BUSINESSMAN Melvyn Levi today assured Leeds United fans his winning libel action against chairman Ken Bates was not directed towards the club.
Mr Levi, 65, who is a former director of Leeds United, said he was a life-long supporter and only wanted the best for the club.
Yesterday, the High Court ordered Mr Bates to pay 50,000 libel damages to Mr Levi over allegations that he was a "shyster" who tried to blackmail the club over money.
The ruling means Mr Bates, 78, who had hotly contested the action, now faces a costs bill believed to be around 1.5 million.
Today, at a news conference in Leeds, Mr Levi said: "I have been and will remain a lifelong Leeds United supporter. I will continue to follow the club's progress with interest and enthusiasm.
"I wish the club the very best for the future and hope next year will be a promotion season."
He said: "The action had nothing to do with Leeds United, to whom I wish only success."
Mr Levi added: "The whole episode has been hugely upsetting to me."
The High Court heard how the libel action arose out of events surrounding the acquisition of Leeds United Football Club by a consortium headed by Mr Bates in 2005.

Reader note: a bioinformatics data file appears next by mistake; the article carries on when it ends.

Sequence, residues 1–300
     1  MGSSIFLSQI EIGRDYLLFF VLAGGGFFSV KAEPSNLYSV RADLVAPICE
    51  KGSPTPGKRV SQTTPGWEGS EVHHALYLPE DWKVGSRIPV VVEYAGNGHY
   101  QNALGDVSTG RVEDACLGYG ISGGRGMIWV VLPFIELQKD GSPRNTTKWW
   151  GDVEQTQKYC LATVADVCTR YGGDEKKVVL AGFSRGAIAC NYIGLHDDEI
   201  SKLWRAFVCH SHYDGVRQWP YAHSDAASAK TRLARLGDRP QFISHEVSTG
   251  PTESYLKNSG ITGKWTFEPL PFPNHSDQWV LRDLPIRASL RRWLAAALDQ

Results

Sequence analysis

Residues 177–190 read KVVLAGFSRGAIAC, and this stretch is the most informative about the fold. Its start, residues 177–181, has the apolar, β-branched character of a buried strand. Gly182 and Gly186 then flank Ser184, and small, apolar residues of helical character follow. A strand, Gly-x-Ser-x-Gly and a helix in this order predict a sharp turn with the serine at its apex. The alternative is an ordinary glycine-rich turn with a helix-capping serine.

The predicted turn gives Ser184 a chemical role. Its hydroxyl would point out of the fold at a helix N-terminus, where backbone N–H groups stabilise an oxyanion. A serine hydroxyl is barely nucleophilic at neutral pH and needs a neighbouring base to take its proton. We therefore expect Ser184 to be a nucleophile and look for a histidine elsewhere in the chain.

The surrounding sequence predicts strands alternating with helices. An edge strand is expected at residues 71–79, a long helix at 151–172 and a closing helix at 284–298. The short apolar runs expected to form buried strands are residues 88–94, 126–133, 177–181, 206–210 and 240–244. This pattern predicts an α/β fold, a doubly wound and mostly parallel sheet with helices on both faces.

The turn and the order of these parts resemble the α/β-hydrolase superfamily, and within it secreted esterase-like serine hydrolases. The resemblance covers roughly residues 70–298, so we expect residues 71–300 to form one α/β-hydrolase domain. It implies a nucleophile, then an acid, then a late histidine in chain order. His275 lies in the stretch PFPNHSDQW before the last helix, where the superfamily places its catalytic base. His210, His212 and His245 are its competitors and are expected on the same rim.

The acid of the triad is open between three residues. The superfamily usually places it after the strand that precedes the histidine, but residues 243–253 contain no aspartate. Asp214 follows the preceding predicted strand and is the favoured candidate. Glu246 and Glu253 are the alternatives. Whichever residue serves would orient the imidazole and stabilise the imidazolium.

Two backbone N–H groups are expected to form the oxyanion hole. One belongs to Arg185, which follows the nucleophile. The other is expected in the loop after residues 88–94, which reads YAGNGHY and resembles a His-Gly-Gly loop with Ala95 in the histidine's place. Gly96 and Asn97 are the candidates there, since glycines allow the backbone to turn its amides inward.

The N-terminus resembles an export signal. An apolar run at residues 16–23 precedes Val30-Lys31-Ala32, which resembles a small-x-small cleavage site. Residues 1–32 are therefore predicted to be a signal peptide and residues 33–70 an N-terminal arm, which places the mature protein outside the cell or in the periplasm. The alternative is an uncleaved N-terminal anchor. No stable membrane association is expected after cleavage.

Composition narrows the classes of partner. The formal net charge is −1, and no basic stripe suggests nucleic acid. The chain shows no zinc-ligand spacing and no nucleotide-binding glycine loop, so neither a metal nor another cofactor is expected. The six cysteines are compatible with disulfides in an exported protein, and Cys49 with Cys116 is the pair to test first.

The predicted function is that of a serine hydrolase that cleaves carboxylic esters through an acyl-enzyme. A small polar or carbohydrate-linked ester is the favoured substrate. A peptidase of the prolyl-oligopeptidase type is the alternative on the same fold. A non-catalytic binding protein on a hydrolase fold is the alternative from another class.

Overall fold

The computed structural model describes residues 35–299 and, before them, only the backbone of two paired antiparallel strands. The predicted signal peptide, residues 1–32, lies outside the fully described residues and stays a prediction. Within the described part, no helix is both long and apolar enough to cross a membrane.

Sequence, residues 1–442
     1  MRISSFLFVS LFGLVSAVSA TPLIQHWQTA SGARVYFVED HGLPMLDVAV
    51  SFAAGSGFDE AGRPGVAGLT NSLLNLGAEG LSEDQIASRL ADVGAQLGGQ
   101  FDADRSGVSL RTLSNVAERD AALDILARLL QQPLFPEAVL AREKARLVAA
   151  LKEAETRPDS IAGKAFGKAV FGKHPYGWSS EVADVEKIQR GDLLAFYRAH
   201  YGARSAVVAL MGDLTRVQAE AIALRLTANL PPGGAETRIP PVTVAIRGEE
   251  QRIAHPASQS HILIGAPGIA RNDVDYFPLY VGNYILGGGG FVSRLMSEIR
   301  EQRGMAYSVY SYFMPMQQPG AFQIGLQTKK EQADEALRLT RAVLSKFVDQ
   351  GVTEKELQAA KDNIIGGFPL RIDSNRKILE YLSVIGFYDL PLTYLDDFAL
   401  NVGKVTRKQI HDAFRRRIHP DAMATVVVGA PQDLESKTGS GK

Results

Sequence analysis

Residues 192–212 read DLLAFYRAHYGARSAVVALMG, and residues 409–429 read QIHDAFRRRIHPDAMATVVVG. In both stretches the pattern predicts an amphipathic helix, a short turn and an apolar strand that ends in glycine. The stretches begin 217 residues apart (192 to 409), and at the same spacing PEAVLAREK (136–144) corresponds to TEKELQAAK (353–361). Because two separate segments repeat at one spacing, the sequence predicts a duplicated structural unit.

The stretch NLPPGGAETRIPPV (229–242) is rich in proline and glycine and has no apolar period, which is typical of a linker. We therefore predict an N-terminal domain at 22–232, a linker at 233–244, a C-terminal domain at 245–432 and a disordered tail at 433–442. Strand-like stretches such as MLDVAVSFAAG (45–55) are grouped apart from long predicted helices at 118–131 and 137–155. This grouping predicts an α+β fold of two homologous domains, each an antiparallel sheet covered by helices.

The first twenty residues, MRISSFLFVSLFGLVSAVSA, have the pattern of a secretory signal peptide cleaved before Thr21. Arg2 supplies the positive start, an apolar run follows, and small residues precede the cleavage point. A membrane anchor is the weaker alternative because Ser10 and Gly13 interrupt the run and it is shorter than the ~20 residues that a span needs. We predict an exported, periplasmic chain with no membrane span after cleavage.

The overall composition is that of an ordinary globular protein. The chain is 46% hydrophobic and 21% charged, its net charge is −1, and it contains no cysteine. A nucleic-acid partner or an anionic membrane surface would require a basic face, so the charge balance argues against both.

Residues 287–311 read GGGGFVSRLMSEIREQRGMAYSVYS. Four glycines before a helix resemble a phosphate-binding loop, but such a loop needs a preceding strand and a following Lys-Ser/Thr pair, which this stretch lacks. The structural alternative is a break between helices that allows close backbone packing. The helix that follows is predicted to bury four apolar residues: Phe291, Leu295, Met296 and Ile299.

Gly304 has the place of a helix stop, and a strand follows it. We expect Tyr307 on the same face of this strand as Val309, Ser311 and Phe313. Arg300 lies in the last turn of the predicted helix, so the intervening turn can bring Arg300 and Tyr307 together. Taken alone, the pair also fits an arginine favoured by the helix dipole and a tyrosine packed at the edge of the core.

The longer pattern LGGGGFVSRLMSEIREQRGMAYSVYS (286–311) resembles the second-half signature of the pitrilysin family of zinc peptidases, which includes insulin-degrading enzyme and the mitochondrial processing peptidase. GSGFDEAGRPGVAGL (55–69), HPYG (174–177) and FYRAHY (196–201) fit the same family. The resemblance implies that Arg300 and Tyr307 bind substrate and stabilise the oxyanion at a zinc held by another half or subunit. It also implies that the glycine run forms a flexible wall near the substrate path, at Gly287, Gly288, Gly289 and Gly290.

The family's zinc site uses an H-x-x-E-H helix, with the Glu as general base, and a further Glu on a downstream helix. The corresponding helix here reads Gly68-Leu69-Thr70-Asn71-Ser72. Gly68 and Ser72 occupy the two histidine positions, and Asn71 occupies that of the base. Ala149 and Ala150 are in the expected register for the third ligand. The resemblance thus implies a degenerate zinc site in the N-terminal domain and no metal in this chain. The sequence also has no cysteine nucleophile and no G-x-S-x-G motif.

Mr Levi was one of the members of a consortium - the Yorkshire Consortium - which bought the club about 10 months before Mr Bates's purchase.
The entrepreneur sued over "grave and offensive" libels in three articles written by Mr Bates in the Leeds United programme in 2006 and 2007 and a letter written to club members in August 2007.
Part of his case was that, in an article published in a programme in March 2007 entitled The Enemy Within, he was accused of blackmail, of being dishonourable and of making unscrupulous attempts to obtain money which had deterred investors in Leeds United.
In his ruling the judge, Sir Charles Gray, said the "sting" of one of the publications lay in the reference to Mr Levi as a "shyster".
"That term would in my judgment have been understood to mean that Mr Levi is someone who engages in sharp, disreputable and dishonest practices," said Sir Charles.
The judge described the allegation of blackmail as "particularly serious".
He said the libels were repeated "on several occasions over a period of 10 months" and the "publishees, principally supporters of the club, were persons whose esteem Mr Levi valued".
Mr Bates had denied libel, but the judge ruled that he had failed in his defences of justification and fair comment.
Sir Charles said the 50,000 damages he awarded was in respect of the three match programmes "where the defences failed".
Mr Levi's claim in relation to the letter failed as the judge ruled that it was covered by qualified privilege.